It used to be most insurance involved co-pays, the fixed amount you pay for a service. You paid a little, maybe $15 dollars for a prescription, and insurance picked up the rest.

Today, it’s all about deductibles, an amount you must pay before insurance kicks in. In 2006, only ten percent of people who received insurance through work had a deductible of $1,000 or more. Today, for the first time, a majority do. And many have deductibles of $3,000, $5,000, even $10,000.

So when prescription drug companies boost prices by 100 percent, 200 percent and 600 percent, those who rely on those drugs and have deductibles pay more, sometimes a lot more.

No wonder why we’re all paying more out of pocket for health care.

When you add up deductibles, co-pays and premiums, we’re paying nearly 70 percent more in ten years.

No one knows that better than Navy veteran Daniel Rodriguez and his 8-year-old son who shares his name. Life for the father and son is complicated and costly.

“It’s hard sometimes,” said dad. “He has cerebral palsy and epilepsy. So he has seizures and difficulty moving. He has global developmental delay. So he has mental delays and stuff like that. He’s on four different major anti-seizure medicines.”

Paying for life-saving medications can be overwhelming.

“This one is the onfi, it costs about $1,200 a month. This one right here is really, really expensive – Diazepam. This is just in case he has a seizure that lasts longer than five minutes,” said Rodriguez.

Their total cost -- $2,600 a month. Without them, “he'd be very sick, uncontrollable seizures. He'd be in the hospital almost every day,” said Rodriguez.

They are the kinds of stories heard at pharmacies every day.

“Drug inflation over the last 10 to 15 years is double digits,” said Mark Newberry, pharmacist and owner of Tarrytown Pharmacy. “Some drugs we see go up 200 to 300 percent over night."

Newberry's family has owned Tarrytown pharmacy 75 years. He has run it the last 13.

Family owned pharmacies have one big advantage over big box stores. Suggested Retail prices at big chains are set by the corporate office and not negotiable.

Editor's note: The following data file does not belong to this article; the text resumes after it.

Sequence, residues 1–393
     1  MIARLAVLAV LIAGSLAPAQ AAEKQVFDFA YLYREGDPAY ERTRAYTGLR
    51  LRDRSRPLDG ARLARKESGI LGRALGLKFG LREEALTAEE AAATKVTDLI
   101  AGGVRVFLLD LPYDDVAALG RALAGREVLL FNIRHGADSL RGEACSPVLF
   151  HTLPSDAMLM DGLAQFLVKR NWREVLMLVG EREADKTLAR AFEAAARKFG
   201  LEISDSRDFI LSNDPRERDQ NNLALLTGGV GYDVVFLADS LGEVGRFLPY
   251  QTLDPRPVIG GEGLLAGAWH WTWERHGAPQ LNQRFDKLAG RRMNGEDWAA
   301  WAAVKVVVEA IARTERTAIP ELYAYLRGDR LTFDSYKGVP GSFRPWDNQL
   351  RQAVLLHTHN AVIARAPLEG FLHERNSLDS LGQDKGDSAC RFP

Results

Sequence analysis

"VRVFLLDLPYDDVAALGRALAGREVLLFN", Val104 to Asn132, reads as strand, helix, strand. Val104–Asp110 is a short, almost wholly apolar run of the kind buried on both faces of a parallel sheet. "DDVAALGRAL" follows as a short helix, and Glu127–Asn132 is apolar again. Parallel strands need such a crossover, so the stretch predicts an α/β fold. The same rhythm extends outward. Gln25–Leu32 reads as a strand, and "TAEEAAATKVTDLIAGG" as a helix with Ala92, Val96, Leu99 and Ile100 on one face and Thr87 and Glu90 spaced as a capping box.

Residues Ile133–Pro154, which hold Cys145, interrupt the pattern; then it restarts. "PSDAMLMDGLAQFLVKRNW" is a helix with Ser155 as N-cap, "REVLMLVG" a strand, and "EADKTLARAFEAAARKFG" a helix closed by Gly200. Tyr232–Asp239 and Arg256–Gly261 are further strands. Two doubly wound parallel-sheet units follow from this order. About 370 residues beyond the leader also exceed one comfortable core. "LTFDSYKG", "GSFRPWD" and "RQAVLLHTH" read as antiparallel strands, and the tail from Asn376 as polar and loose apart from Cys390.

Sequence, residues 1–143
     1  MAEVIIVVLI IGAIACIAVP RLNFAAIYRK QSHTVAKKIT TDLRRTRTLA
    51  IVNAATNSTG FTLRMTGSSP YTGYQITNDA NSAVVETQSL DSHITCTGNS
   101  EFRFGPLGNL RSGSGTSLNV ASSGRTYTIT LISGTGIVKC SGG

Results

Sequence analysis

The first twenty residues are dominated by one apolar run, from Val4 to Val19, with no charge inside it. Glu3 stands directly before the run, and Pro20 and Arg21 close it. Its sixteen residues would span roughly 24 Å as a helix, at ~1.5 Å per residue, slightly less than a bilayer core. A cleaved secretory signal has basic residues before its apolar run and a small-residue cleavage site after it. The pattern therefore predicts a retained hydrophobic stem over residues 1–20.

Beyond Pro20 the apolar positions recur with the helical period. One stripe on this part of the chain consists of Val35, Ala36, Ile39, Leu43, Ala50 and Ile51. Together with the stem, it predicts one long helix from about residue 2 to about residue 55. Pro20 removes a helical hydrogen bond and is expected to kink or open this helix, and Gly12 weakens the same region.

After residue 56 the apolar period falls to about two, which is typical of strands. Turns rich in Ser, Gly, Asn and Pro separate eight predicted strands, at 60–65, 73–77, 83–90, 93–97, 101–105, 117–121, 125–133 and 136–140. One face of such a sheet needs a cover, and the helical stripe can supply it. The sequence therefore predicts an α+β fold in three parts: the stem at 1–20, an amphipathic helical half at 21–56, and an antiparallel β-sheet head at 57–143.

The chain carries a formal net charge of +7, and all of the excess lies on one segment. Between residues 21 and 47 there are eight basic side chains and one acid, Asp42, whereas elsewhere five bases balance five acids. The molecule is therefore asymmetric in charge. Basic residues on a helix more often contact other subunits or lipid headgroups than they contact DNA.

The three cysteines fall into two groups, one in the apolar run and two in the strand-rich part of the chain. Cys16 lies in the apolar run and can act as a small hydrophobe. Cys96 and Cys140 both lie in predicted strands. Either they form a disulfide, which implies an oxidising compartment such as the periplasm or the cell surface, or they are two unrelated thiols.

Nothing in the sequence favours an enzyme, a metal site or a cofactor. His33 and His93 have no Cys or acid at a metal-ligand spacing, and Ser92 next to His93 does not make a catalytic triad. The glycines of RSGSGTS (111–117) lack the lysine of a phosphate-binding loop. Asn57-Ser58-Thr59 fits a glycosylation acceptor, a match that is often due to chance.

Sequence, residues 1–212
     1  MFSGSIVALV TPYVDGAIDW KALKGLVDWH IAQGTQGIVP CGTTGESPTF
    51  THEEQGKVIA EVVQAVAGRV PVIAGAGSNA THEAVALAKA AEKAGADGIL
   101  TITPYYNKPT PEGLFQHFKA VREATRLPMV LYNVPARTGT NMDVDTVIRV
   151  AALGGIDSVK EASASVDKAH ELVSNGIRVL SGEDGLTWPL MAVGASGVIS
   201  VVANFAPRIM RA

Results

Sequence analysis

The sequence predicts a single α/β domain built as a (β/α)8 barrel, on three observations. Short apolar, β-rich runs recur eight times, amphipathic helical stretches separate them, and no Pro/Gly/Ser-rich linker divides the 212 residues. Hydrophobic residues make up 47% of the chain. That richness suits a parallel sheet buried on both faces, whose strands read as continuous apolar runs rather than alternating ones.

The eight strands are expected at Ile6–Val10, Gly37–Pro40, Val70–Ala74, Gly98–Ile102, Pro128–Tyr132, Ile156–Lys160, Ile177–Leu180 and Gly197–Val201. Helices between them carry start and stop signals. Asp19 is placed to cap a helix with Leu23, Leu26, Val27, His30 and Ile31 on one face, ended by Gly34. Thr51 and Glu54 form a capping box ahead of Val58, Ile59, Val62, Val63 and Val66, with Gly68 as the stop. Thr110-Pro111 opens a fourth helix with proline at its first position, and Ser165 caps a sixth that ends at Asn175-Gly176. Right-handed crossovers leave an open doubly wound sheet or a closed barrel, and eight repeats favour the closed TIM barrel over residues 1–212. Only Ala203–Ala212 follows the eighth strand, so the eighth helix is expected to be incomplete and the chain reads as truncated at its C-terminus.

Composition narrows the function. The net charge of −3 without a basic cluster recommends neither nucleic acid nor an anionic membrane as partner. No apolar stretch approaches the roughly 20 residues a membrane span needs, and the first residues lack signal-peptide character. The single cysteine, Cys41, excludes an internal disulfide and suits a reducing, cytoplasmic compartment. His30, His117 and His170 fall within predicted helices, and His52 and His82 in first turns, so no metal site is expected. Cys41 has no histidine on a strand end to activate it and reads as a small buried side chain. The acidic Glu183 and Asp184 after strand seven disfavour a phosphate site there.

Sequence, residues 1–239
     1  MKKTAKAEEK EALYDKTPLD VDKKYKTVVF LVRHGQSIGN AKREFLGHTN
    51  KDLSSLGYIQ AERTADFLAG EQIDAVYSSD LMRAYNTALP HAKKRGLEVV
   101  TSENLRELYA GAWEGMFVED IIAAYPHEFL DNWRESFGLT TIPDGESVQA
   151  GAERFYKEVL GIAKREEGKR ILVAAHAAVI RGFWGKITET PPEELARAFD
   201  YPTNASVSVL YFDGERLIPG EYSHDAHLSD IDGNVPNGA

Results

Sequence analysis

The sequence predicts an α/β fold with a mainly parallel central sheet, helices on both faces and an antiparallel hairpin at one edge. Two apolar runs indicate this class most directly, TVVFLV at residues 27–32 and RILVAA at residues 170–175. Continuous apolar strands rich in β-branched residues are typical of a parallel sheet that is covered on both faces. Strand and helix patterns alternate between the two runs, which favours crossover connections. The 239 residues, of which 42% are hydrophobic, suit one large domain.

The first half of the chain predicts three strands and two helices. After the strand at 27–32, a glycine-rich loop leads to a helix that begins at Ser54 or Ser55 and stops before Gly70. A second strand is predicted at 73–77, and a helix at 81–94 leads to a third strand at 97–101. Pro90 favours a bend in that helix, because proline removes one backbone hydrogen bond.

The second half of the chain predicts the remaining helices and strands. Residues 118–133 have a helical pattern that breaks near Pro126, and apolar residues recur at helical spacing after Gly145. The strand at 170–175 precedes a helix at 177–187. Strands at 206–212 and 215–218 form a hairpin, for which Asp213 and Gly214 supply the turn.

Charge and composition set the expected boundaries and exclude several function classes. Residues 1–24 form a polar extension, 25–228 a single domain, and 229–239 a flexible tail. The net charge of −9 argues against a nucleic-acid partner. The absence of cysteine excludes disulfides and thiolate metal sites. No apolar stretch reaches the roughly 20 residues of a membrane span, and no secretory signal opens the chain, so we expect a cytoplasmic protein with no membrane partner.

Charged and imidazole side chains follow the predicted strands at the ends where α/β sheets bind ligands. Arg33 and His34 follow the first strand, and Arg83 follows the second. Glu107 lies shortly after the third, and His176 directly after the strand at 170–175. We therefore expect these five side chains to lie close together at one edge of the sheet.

At local pharmacies “our pricing is set by a guy 15 feet away from the customer who is getting that prescription so if there’s an issue with it. It’s a little easier for us to take up,” said Newberry.

The KVUE Defenders looked at prescription costs and found the top 100 name brand drugs jumped on average of 164 percent in the last four years.

One of the drugs Daniel takes -- Onfi -- rose 127 percent.

“Exact reasons for that are shortages in the market, fewer manufacturers, lack of price control from insurers,” said Newberry.

Pharmaceutical companies aren’t shying away from pouring money in to try to influence Congress. $37 million in 2013, $35 million in 2014 – and $36 million in 2015. That’s a $107 million lobbying effort in just three years.

“A lot of people don’t know there are vehicles to getting some assistance with their prescription costs if they don’t have insurance or if they aren’t in a public health program,” said Daniel Borel, executive director of the Coalition of Texans with Disabilities.

“They can get assistance from the manufacturers of these drugs all of them have good programs, robust programs that give away a significant percentage of their drugs for free,” said Borel.

Places to find savings

There are several search engines, some set up by the manufacturers, others third party sites which can tell you if you qualify for a discount. This website puts several in one place.

And try Good RX. It will tell you if you can buy your medicine someplace cheaper. works with people who have no insurance or those who still can't afford their prescriptions even with insurance. It's another great place to look for savings.

And print out a Texas Drug Card. This is a free prescription savings program for anyone living in Texas. This pharmacy coupon card provides you with savings up to 75% at more than 68,000 pharmacies across the country including CVS, Randall's Target, Walmart, Walgreens and more. It can be used on name brand and generic drugs. You can print the card from your home.

Then search for locally owned drug stores.

Tarrytown pharmacy actually helps patients find coupons and savings.

“We have people who come in all the time who can’t afford to pay for it so we’ll try to cut people a break,” said Borel.

Dell Children's Medical Center, part of Ascension, the nation's largest non-profit health system and the world's largest Catholic health system, was able to provide the life-saving drugs for Daniel at no cost to his family, thanks in large part to the Federal 340B drug pricing program, which seeks to aid the most vulnerable patients.

Still their struggles are real.

“He’s had a busy day today. He’s already had Occupational Therapy, school.”

As a dad, Daniel’s hopes for his son are simple.

“To be healthy, live a normal life, a good quality of life.”

That's a prescription to live by.